Of course there are many who believe — rightly or wrongly — that they can get in touch with the departed. Mediums who claim to be able to do this are numerous, and while some (it is impossible to say how many) are fraudulent, and some others are self-deluded, it would be unwise in the extreme to suppose that this is always the case. Genuine clairvoyants, spiritual healers and other such specially gifted people unquestionably exist, as anyone who is prepared to undertake an impartial investigation can readily discover. But in the public mind such people tend still (though perhaps rather less than formerly) to be dismissed en masse as fraudulent or at best cranky. Those who consult them often do so surreptitiously, guarding the fact from their friends as a guilty secret they would be ashamed to divulge. While excessive concern with such matters is not necessarily a good thing, the loudly voiced scornful skepticism of many materialistic-minded people is simply an inadequate response to something of which they are woefully — sometimes even culpably — ignorant.
Since in fact a fear of death is deep-rooted in everybody, the propagation of an attitude of total skepticism can do much harm. Even a great psychologist like the late Dr. Ernest Jones, the biographer of Freud, considered it necessary to declare that it was important to eliminate from one’s mind all belief in an after-life. Now if, in fact, it could somehow be finally proved (which it cannot) that there is no such thing, and if further it were possible through psycho-analysis or some such methods to get rid of all fear of extinction, this might be a good thing. But since these premises cannot be substantiated, the claim falls to the ground. The fact is that orthodox psycho-analysis was able to find out a great deal about the problem of sex, with which it was largely (though not entirely) able to cope. But it had not and has not the equipment to adequately deal with the problem of death. What Dr. Jones (Freudian though he was) failed to see is that the only result of such an attempt can be repression!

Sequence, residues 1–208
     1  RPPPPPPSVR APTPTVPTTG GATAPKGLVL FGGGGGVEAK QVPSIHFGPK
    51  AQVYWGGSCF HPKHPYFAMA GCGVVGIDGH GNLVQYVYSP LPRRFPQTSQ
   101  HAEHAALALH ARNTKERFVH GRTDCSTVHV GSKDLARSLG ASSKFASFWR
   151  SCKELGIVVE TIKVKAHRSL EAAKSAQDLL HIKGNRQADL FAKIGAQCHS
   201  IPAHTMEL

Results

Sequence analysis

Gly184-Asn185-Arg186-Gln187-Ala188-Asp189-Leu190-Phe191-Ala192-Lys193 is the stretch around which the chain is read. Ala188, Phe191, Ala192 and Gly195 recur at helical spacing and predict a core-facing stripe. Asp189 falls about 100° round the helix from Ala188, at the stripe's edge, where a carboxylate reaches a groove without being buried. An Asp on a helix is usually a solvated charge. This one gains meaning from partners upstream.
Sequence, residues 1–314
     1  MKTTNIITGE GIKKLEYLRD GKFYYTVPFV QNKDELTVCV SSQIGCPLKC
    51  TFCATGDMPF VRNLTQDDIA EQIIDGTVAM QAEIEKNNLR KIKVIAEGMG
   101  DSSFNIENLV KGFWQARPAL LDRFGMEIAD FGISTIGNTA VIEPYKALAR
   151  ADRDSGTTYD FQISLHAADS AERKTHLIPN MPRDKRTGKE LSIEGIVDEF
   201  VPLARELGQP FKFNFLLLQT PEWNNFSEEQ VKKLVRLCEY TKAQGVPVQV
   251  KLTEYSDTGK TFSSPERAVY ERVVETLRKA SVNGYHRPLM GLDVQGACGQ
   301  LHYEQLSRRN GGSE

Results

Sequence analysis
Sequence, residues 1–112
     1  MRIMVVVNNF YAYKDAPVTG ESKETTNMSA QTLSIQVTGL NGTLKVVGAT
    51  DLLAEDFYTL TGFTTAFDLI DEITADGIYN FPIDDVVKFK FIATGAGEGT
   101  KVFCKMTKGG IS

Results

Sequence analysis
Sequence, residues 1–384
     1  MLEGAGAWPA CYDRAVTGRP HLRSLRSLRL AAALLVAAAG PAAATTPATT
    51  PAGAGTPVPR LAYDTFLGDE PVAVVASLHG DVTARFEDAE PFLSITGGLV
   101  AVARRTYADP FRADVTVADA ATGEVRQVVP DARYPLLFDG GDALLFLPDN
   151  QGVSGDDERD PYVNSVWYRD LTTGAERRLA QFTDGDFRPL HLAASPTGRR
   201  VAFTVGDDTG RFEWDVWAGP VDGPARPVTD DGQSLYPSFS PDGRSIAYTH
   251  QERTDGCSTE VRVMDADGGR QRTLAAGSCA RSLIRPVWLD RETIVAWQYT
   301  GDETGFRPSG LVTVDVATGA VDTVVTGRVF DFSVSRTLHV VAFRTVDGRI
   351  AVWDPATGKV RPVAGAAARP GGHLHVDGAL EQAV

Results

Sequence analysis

Repression may be briefly defined as “the active process of keeping out and ejecting, banishing from consciousness, the ideas and impulses that are unacceptable to it.” We can call it successful self-deception. Its deleterious effects on the psyche are well-known, thanks above all to the work of Sigmund Freud and his followers. In this case it means that we deceive ourselves into believing that we are not afraid of death — and in fact very many people do this.
Buddhism is actually an even better and more radical method of dealing with one’s repressions than psycho-analysis, and it is often a hard task to convince people that they have in fact not “transcended,” but merely repressed their fear of death! The reader is earnestly advised at this point to consider seriously the possibility that he or she has done just this, bearing in mind that in the nature of things an immediate negative reaction proves nothing! If in fact there is any instinctive tendency to shy away from the whole subject, the answer is actually obvious, though it may be hard to accept. This is due not only to the fear itself but to conceit — the belief that one is “advanced.”